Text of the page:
The Oracle of Omaha and CEO of holding company Berkshire Hathaway has been observed and idolized perhaps more than anyone in the finance community. With an average annual return of 19% over the Treasury rate and a personal sharpe ratio that is higher than all U.S. stocks that have been traded for more than 30 years (cfainstitutue.org), the most important question is how does he do it?

Buffet is a value investor, meaning he buys stocks that are cheap, high-quality, and low risk. He uses modest leverage to boost returns and stays true to his strategy when others would not. We can learn many things about both investing and running a business from Mr. Buffet.

Think Simple

Buffet follows a surprisingly simple investing strategy that includes products we use in everyday life. Some of his biggest holdings are in Coco Cola, Geico, Duracell, and Wells Fargo. If you use it all the time, you may want a piece of it. These “grocery cart” brands reflect traditional consumer needs, which translate into steady, long-term growth.

Due Diligence

One of the most significant factors in Buffet’s strategy is due diligence, and lots of it! It’s like company analysis on steroids—Buffet usually doesn’t invest in a company until he has studied them for weeks. The goal here is to find great companies, and essentially waiting for them to become cheap. Instead of bouncing in and out of a few of your favorite companies, study all of them and strive to understand the industry drivers.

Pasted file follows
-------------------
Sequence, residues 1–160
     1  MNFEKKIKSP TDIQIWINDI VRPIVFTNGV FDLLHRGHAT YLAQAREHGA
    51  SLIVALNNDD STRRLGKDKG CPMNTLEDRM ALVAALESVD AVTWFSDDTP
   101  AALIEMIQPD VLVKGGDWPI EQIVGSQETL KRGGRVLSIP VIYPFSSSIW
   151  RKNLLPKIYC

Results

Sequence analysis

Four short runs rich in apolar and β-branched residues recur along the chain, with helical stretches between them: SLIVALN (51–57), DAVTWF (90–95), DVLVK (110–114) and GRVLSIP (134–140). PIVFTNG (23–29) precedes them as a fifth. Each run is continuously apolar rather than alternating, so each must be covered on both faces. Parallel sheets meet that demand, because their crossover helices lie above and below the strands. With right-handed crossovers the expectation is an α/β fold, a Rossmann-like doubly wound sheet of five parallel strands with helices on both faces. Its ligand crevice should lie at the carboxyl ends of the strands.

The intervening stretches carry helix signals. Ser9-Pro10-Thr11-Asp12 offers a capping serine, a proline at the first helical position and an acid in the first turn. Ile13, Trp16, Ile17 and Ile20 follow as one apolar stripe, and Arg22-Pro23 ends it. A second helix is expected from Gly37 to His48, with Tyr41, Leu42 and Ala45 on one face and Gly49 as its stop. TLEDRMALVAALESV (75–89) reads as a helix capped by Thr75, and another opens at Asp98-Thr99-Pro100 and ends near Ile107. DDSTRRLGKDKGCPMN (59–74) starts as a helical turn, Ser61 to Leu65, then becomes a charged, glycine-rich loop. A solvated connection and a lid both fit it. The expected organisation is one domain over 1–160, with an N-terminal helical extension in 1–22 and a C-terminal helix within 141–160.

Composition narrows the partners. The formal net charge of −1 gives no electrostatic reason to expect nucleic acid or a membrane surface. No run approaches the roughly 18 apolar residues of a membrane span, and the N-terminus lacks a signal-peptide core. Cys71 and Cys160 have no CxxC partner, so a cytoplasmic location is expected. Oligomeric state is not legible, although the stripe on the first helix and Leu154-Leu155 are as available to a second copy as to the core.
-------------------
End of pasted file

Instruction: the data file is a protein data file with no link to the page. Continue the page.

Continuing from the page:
Detect Core Value

In a time when many companies employ all types of strategies to artificially boost returns and manage earnings, it can be difficult to detect core value. Pay attention to what you are actually investing in when you buy a company such as real estate, inventory, and intellectual property. What does the company actually do or provide, and how do they do it better than anyone else?

Stay Conservative and Consistent

Buffet is one of the most conservative investors, but that doesn’t mean he doesn’t take risks. He is conservative in the sense that he doesn’t invest with his emotions and stays in the game when others panic and sell. His measure and definition of risk probably varies quite a bit from commonly held beliefs about risk. He may double up on a bet when others run from it, but that’s because he believes it’s a good deal.

Lessons to Take Away

There is a lot to be said for the conservative, well-thought-out approach that Buffet uses. It is easy to get caught up in the excitement of markets and the hype that media can generate, but it needs to be balanced with a sound foundation. Consider your business and future investments that will make it better. Remember to focus on the core value you offer to customers and what is going to generate wealth for investors. As an outside CFO, I agree with many of Buffet’s strategies and have seen them work soundly in businesses I have consulted that are either investing or involved in M&A activity.

Here are a couple of my favorite Warren Buffet quotes.

“It’s far better to buy a wonderful company at a fair price than a fair company at a wonderful price.”

“Go for a business that any idiot can run—because sooner or later, any idiot probably is going to run it.”